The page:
The RunCzech annual Volkswagen Marathon in Prague is back on May 8 in full swing and brings with it a new agenda.
After two years of continuous uncertainty and anxiety, RunCzech is proud to be bringing positivity and enthusiasm back into the heart of Europe.
RunCzech founder Carlo Capalbo created the infamous Prague marathon in 1995 and its popularity has since spread worldwide. Just in 2019, RunCzech had participants coming from 131 different countries. The idea of this marathon has always been to have a world-class international marathon hosted here in the beautiful, historic city of Prague.
The international inclusiveness has brought boundless joy and pride to participants and bystanders alike.
This year especially, the message is at its strongest. Keeping in mind the last two years of bundling in quarantine and the current political uncertainty spreading throughout the world, Carlo Capalbo has decided that it is time to “reintroduce a sense of normalcy” through a set schedule of events and create an energy of excitement towards the future.
Having the assurance that the upcoming RunCzech races are scheduled and will always happen according to schedule is the most important message Carlo wants to be communicated.
The certainty of fresh air, physical activity, social interaction and freedom of spirit is the best way they can build an environment of mental and intellectual stability that has been missing in recent times. Everything from work to school to activities has, over the past two years, been unreliable in its operations.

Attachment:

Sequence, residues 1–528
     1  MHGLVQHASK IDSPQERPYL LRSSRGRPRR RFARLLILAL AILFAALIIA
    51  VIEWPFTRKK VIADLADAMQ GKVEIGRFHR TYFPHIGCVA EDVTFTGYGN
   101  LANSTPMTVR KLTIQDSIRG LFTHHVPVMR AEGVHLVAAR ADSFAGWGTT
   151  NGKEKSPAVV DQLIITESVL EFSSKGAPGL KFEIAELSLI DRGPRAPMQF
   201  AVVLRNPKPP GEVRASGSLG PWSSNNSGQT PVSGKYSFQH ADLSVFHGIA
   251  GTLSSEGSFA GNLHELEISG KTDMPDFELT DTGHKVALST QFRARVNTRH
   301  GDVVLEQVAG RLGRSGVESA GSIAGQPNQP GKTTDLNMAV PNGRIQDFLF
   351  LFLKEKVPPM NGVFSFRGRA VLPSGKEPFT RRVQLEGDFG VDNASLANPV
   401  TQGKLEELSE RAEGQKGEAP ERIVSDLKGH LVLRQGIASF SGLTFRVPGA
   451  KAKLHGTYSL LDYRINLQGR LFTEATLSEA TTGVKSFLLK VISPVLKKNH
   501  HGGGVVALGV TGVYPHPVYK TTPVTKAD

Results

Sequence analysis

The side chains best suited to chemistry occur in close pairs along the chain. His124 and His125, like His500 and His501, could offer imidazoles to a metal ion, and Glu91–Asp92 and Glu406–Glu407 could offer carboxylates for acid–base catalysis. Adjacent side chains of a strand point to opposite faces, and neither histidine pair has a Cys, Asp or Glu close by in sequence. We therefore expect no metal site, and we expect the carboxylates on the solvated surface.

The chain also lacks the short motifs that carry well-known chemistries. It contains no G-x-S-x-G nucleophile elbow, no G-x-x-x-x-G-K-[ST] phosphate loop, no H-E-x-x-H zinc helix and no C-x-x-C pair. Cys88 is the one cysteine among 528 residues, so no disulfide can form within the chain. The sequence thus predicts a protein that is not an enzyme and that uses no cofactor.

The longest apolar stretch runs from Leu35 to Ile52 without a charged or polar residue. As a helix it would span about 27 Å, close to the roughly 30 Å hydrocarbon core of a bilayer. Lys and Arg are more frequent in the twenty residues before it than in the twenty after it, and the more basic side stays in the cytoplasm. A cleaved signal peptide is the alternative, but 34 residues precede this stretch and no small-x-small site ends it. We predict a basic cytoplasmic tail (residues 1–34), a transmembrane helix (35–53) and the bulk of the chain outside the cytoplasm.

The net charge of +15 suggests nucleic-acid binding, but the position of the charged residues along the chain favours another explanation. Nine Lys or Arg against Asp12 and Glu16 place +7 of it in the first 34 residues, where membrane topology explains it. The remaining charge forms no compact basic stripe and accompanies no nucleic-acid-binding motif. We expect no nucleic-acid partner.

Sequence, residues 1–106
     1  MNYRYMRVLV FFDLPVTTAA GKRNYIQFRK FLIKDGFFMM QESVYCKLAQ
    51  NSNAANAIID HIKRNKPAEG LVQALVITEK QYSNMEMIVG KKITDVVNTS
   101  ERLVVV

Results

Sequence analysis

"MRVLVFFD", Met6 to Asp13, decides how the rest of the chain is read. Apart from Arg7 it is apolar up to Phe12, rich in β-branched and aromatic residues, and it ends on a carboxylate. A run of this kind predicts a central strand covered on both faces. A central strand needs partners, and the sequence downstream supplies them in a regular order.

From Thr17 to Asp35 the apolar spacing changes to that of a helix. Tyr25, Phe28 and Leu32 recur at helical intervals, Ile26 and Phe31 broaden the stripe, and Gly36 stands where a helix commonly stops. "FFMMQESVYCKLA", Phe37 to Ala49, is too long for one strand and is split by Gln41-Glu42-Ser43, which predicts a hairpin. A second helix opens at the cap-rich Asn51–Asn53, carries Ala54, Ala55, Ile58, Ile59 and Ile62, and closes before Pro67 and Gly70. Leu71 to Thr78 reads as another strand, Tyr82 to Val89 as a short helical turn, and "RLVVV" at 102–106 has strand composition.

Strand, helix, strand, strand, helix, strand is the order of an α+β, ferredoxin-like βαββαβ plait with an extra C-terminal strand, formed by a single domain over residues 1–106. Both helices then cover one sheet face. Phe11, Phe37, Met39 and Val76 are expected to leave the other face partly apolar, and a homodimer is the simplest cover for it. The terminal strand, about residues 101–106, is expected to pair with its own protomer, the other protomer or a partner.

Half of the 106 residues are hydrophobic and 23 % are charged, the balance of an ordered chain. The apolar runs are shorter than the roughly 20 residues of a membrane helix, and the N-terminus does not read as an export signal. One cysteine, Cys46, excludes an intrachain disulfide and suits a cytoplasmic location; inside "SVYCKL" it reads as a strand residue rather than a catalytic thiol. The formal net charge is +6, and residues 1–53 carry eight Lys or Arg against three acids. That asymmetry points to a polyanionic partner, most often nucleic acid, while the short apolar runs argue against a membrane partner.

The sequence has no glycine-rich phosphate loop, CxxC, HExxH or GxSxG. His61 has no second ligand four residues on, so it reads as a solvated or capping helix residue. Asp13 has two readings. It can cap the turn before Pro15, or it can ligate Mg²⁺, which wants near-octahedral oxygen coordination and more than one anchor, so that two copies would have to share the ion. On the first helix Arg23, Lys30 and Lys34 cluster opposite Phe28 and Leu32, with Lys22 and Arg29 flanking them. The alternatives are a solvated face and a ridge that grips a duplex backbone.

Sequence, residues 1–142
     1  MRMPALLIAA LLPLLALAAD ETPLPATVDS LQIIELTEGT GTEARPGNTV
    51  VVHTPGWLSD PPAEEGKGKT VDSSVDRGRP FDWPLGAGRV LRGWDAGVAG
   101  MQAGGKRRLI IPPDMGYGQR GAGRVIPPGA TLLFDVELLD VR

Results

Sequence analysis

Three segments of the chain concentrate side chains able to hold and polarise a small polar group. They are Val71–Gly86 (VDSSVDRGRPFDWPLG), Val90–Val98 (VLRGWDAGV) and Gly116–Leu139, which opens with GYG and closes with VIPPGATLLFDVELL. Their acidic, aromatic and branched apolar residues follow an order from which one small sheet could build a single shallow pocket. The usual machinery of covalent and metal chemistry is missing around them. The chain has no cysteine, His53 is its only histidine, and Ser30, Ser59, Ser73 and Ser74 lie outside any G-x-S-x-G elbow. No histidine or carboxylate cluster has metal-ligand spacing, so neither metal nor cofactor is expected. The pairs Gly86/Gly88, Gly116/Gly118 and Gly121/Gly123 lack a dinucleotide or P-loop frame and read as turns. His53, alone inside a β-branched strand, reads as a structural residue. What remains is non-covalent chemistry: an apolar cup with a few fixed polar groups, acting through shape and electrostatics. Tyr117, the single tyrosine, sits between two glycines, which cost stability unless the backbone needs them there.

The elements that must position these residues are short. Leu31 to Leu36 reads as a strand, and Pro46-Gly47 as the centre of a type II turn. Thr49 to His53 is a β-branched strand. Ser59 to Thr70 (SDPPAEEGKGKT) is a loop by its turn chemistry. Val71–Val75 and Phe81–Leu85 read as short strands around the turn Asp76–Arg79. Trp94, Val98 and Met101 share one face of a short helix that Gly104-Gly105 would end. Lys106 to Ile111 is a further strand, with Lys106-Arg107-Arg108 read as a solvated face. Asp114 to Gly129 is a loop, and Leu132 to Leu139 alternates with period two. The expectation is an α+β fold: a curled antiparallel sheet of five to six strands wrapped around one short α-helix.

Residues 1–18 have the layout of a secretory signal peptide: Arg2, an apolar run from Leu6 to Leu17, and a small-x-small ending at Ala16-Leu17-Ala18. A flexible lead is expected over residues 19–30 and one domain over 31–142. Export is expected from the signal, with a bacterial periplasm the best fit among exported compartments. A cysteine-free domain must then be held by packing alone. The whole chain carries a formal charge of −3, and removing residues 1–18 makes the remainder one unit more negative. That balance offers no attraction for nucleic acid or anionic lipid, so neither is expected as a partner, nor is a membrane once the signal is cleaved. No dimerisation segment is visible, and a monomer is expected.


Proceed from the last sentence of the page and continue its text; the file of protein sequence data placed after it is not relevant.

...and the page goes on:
“Offering to the entire world the certainty of a set of races on set dates not only gives the participants a reason to train and set and achieve a personal goal, but it also encourages excitement and brightness towards the future,” said Capalbo.
The heart of Carlo and the entire RunCzech team has been put into making all participants and bystanders feel a sense of community and belonging that can be filled with positive energy and conversation.
“In contribution to this subject, this year’s marathon has been turned into an entirely new sport that the world has never seen before: a Battle of the Teams. There will be six teams led by six team leaders of Czech professional athletes hailing from a variety of sports,” he adds.
There will also be four professional athletes on each team. The remaining spots are filled with everyone from veteran-marathon runners to amateur runners. Everyone is welcome and everyone has the opportunity to contribute to the success of their team.
Each team supports a specific charity, so the contributions will be going to several great causes and programs.
“Not only is the new, innovative way of running a marathon intriguing for its premiere, but it is also just another way of bringing together participants from all over the world to create a joyous, team-building community in the name of the great sport,” continues Capalbo.
The radiant inclusivity of this year’s marathon is represented by the slogan “Run for all. All for run.” Whether you will be
participating in the marathon or watching from the side, we look forward to supporting this message together!